I read and research a lot, both online and via magazines like Mother Earth News. I also listen to podcasts related to farming and homesteading. Time and again, when someone refers to raising meat chickens, it turns out they are raising Cornish Cross. So, I thought it might be worth talking about an alternative to the traditional Cornish Cross meat bird.
First, what is a Cornish Cross? Well, technically it is a hybrid bird, created by crossing a Cornish with a White Rock. In reality, I know of several people who have tried to recreate the Cornish Cross using these two “ingredients” and the chicks that resulted did not grow nearly as big or fast as the chicks sold in the feed store. So I have my suspicions that the hatcheries have their own secret “recipe” – a closely guarded secret – to creating the fast-growing meat bird labeled only as “Cornish Cross”.
Regardless of how it is created, a Cornish Cross is “engineered” to grow to eating size in only 6-8 weeks. That’s right! From hatch to butcher in under two months. This is all wrong in my book. In order to achieve that kind of growth, something has to give and in this case it is quality. Quality of life for the bird. Quality of the final result: the meat. Cornish Cross chicks have little desire to do anything but eat. Towards the end of their lives they sit in front of a feeder and eat almost non-stop. Their growth rate is too fast for organs to keep pace so if not butchered by 8 weeks of age, it is highly likely their heart will give out. But worse, their legs cannot grow strong enough, quickly enough to support their weight, so they cannot walk far, and frequently one or both legs are broken by the time they are butcher age from the stress of trying.
Chicken meat sold in grocery stores – even that sold in health food stores and at farmer’s markets labeled “free-range” – is almost exclusively Cornish Cross. Regardless of the labeling there is nothing healthy, humane or wholesome about a Cornish Cross. It doesn’t matter that they have access to free-range if their legs and hearts can’t support their actually doing it!
On our homestead our primary goal is to produce food that is better than food we can buy. Our feeling about raising Cornish Cross is that if we sit a bunch of chicks around a feeder all day – how is that any better than food we could buy? We decided there has to be another way, and it turns out, there is.
Several years ago I traveled across our state to acquire my starter flock of heritage Barred Rock and New Hampshire Reds. Most people are familiar with these breeds and don’t think highly of them. That is because all they’ve known are hatchery birds of these names. The lines I acquired can be traced back over 100 years and bear little resemblance to their hatchery counterparts. Hatchery barred rocks are scrawny, with irregular barring and they are bossy and unfriendly, both to the other birds in the coop and to people. By comparison, my barred rocks are huge and meaty. Their barring is known as “zebra barring” because it is tight and well-spaced. And in the coop they are quiet, docile and non-aggressive.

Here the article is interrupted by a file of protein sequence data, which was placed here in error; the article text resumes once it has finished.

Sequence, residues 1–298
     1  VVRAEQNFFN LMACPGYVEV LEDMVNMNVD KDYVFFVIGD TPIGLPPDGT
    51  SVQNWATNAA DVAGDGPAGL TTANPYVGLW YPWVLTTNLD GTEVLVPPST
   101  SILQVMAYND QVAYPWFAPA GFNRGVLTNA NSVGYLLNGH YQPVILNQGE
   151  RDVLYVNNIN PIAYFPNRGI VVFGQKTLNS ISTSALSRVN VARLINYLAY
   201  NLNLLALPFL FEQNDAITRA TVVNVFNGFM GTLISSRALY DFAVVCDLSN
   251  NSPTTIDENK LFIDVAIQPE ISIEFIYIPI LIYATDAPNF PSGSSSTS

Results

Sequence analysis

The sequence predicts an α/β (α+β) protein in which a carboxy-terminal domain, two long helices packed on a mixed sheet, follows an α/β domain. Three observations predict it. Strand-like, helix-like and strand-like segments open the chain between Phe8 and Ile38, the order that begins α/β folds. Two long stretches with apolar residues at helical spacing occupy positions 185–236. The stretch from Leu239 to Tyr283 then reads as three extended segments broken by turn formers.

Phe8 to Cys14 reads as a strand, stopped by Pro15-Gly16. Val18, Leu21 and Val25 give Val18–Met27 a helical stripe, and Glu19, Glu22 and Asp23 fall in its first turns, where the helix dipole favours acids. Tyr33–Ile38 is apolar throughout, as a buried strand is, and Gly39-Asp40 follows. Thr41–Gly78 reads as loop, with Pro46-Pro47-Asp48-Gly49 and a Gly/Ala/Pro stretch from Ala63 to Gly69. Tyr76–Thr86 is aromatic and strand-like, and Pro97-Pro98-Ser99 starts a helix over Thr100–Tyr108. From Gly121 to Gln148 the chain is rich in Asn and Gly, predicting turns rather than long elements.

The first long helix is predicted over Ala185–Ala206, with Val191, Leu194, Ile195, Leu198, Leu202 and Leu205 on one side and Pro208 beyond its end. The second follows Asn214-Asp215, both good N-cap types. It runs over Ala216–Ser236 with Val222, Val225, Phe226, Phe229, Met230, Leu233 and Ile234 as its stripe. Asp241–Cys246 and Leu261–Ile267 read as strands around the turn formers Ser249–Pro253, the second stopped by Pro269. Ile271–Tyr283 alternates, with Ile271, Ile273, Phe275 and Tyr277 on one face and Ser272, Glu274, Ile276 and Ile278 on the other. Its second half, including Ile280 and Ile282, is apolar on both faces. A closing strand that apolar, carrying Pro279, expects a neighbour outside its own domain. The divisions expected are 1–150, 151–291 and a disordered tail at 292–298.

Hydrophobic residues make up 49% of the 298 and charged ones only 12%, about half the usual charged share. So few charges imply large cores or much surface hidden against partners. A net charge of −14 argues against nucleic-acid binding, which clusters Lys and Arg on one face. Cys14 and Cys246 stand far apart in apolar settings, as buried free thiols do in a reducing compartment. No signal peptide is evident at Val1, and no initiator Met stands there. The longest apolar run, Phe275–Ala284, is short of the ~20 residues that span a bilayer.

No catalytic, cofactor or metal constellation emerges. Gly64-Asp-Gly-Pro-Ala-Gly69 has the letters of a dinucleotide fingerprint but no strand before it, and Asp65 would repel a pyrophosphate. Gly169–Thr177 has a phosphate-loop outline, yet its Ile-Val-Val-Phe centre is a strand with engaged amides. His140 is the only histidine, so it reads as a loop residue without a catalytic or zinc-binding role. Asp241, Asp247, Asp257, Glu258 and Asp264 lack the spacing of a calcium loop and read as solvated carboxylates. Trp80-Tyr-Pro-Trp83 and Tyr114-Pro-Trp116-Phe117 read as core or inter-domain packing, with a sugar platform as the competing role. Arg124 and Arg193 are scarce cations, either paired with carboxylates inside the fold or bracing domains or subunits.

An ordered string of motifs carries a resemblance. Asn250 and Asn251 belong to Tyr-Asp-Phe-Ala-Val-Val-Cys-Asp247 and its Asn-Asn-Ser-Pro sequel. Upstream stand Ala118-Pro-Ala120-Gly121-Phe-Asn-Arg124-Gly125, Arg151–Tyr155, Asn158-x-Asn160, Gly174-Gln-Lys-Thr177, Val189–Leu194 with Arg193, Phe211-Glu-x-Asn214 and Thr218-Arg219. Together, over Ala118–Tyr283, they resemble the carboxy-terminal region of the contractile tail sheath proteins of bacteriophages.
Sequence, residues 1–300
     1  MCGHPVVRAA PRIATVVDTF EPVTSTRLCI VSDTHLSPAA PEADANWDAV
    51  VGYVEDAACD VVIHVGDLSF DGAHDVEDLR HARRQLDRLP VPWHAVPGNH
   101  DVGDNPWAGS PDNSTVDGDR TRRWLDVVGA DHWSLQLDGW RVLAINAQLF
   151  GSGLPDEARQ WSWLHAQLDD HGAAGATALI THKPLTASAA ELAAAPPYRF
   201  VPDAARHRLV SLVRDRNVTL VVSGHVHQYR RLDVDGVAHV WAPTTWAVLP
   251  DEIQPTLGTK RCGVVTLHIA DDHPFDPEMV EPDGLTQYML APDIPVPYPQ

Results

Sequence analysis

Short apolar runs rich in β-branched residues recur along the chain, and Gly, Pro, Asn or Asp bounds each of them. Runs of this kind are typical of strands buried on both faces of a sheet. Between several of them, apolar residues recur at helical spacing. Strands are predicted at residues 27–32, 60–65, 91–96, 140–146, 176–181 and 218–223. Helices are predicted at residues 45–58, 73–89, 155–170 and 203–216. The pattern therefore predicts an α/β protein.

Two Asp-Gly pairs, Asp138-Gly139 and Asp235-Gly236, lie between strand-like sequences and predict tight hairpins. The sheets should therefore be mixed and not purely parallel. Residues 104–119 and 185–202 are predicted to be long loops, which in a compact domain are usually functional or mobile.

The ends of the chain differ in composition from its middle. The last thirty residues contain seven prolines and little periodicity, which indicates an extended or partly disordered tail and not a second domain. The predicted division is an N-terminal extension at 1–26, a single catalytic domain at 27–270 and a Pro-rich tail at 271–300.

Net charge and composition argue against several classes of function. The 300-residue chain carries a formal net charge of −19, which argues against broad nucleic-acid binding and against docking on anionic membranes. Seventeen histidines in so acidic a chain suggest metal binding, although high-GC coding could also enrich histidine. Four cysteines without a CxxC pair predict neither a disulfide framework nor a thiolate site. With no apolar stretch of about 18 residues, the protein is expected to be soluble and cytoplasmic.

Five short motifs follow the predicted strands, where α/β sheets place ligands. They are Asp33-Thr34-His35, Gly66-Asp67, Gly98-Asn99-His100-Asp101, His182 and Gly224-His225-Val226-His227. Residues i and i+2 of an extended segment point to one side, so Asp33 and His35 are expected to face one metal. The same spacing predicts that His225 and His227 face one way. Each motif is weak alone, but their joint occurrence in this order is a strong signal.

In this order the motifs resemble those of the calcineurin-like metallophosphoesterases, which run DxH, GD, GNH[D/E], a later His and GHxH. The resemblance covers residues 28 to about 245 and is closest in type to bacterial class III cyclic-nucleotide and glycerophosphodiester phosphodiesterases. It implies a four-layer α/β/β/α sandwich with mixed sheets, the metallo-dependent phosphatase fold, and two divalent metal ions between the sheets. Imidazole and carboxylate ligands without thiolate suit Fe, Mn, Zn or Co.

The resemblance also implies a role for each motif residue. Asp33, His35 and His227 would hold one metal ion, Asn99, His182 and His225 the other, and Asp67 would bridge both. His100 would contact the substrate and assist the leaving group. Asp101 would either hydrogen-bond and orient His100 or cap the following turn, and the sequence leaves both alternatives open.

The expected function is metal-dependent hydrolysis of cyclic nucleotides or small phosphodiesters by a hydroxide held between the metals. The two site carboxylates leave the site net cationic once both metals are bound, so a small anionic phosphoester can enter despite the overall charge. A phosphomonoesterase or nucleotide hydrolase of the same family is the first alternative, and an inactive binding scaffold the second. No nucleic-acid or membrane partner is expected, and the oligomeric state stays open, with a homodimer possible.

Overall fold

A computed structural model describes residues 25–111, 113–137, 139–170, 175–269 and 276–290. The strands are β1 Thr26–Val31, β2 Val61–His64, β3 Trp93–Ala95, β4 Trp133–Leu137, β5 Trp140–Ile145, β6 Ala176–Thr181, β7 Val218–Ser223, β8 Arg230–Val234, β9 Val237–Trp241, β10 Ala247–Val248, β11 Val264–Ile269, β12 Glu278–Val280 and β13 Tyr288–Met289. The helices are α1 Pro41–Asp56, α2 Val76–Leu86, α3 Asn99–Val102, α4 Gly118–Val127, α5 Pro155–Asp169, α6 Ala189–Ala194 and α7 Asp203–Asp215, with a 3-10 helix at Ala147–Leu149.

My New Hampshire Reds are similarly striking.
Both Barred Rocks and New Hampshire Reds were developed as “dual purpose” birds. In other words they can be kept to provide either eggs or meat. No, they don’t grow to eating size in 8 weeks like a Cornish Cross. But they do grow to eating size in about 16-18 weeks. So, what I do whenever a batch hatches, is to make a notation on my calendar when they are 16 weeks of age. Then my calendar sends me a reminder that it is time to butcher and that way I don’t risk raising them too long. I’ve found that age to give me optimum meat to feed ratio. Yes, they will grow bigger if raised for longer, but the amount of feed it takes to add on every pound after this age isn’t worth it.
So – my meat birds get to live for twice as long as their Cornish Cross cousins. And their lives are ever so much more worth living. They start their lives with a mother who protects them, teaches them how to forage and keeps them warm under her at night. Almost from hatch they free-range and get to eat lots of greens and bugs. As discussed in previous posts, this makes for healthier, happier birds but I believe it makes for healthier meat as well.
Which brings me to the meat. Is it tougher or stronger in flavor than Cornish Cross? That is hard for me to judge as I have not eaten commercial chicken in so many years, but I can attest that the chicken meat we produce here is very tender and tasty.
So for anyone who has previously raised Cornish Cross and sworn they’d never do it again due to the smell, or for anyone wanting to raise healthier meat than they can buy, there IS a viable alternative.